Miss FA (31 years old) came from a rich family in Somalia, she finished high school, talked multiple languages (English, Arabic, etc.) and she worked in her father’s hotel and restaurant. Unfortunately, her city was attacked and her father was killed by a terrorist group called Al-Shabaab. She realised, that her life was in danger and she decided to flee her country.
During her journey, she was captured and jailed in Libya, where they kept her locked up with many other women. The soldiers visited them every day and the women were both physically and sexually abused. Ms FA saw the physical and sexual torture that the other women endured and she was also physically abused. Thankfully, she was able to escape and she arrived in a country in Western Europe (travelling through Hungary on her way), where she fell in love with a Somali man and they got married. Unfortunately the man seriously abused her: he beat her regularly, locked her up and tortured her. She could not bear this and after a while she was able to get a divorce.
Following the divorce she was pushed back to Hungary by the authorities. The trauma she endured, the new and unknown environment and the lack of language knowledge all led to her disorientation and loss of self. This is when she met the Cordelia Foundation in one of the Hungarian reception centres. During the first interview it turned out that she has very severe symptoms: a sleeping disorder, nightmares, anxiety, severe depression, disturbed self-esteem etc. Next to these common symptoms, she also had a special symptom: she was pulling her hair out, leaving her head with several bold spots. Cordelia’s therapist started psychotherapy with her in order to ease her symptoms. There was no possibility to start a deeper evaluation in the reception centre.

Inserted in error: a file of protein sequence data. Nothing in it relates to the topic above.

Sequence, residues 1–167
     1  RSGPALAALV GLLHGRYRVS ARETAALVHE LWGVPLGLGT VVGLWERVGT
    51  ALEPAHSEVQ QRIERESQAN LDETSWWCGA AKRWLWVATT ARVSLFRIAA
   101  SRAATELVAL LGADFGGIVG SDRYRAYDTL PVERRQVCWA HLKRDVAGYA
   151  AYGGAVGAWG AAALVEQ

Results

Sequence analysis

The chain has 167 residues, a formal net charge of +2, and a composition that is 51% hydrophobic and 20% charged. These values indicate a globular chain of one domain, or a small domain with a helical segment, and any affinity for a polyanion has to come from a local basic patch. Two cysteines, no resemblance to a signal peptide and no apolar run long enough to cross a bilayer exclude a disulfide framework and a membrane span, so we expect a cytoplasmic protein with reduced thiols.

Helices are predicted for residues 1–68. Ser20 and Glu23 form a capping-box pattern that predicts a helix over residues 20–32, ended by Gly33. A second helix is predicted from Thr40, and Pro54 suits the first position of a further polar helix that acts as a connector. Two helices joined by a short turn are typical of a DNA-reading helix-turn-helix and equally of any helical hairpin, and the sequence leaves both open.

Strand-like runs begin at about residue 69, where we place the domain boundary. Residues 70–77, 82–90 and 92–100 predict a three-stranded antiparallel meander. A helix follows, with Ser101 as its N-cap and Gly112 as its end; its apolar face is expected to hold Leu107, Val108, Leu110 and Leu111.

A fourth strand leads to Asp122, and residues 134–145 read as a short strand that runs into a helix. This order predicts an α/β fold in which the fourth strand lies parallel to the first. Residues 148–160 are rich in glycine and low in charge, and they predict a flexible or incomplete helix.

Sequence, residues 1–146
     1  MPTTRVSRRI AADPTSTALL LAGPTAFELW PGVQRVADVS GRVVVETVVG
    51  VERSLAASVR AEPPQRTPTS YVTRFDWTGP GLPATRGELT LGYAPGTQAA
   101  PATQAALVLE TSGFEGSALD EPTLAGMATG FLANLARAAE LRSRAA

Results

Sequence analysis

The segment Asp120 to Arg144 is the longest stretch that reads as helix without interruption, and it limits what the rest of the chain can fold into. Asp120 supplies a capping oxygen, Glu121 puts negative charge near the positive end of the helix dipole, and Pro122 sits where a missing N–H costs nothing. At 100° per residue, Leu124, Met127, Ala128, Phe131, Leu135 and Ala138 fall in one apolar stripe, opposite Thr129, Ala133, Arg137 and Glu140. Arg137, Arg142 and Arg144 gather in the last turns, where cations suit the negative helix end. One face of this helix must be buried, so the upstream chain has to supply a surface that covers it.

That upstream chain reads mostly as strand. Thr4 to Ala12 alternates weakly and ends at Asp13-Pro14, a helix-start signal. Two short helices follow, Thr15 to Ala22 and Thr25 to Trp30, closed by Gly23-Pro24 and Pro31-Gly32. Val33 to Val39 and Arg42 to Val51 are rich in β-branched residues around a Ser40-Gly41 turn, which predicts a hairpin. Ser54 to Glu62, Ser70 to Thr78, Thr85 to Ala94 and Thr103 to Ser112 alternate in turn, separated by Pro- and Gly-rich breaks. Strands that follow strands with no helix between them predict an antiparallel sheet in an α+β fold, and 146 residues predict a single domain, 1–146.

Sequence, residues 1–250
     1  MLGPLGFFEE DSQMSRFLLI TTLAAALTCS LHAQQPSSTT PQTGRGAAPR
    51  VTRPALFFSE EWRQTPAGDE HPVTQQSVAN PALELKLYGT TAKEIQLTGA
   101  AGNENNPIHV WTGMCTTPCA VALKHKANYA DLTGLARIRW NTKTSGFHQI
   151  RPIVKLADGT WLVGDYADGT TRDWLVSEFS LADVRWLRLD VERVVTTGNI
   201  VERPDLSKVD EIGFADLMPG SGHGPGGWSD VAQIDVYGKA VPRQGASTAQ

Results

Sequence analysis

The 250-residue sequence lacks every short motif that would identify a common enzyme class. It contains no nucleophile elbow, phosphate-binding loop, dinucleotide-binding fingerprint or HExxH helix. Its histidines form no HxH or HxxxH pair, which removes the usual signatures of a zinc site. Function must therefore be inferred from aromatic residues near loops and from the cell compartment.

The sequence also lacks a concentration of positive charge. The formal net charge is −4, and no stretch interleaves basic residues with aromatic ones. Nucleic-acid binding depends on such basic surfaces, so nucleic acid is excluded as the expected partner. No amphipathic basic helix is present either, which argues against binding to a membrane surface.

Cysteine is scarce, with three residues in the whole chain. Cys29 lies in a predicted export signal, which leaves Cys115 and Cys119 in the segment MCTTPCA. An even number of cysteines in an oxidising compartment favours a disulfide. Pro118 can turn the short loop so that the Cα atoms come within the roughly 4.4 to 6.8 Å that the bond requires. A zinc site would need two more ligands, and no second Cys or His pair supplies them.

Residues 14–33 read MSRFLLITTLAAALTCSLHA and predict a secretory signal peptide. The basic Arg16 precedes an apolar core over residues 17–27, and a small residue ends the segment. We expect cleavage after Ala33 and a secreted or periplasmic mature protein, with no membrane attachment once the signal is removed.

After she received a refugee status, she moved to Budapest, found a job and was able to rent an apartment with the help of a Hungarian NGO. It seemed like her life was back on track. However, when she contacted the Foundation again, she was showing symptoms of PTSD (posttraumatic stress disorder), but these symptoms were much milder, than the ones at the reception centre. This development could be due to two reasons: the psychotherapy worked, that she received in the reception centre or the positive change in her life. She fell in love with a Somali refugee. They got married and when she contacted the Foundation, she was already pregnant with their child. Her life was well balanced and she became symptom-free after their baby was born.
The baby is almost one year old, when her symptoms (sleeping disorder and nightmares) reappear. As is turns out during the therapy sessions, the symptoms were triggered by the fact that her mother, who still lives in Somalia, was in life threatening danger. She had to flee internally in order to find relative safety.
Ms FA was now allowed to receive medication in this stage of her therapy, which will hopefully help to reduce her symptoms. Her therapy is ongoing and positive thoughts have taken the place of her early bleakness. She hopes to meet her mother in the near future in a neighbouring country of Somalia.
* In order to protect the client’s rights relating to personality we have changed her name and some minor details in the story.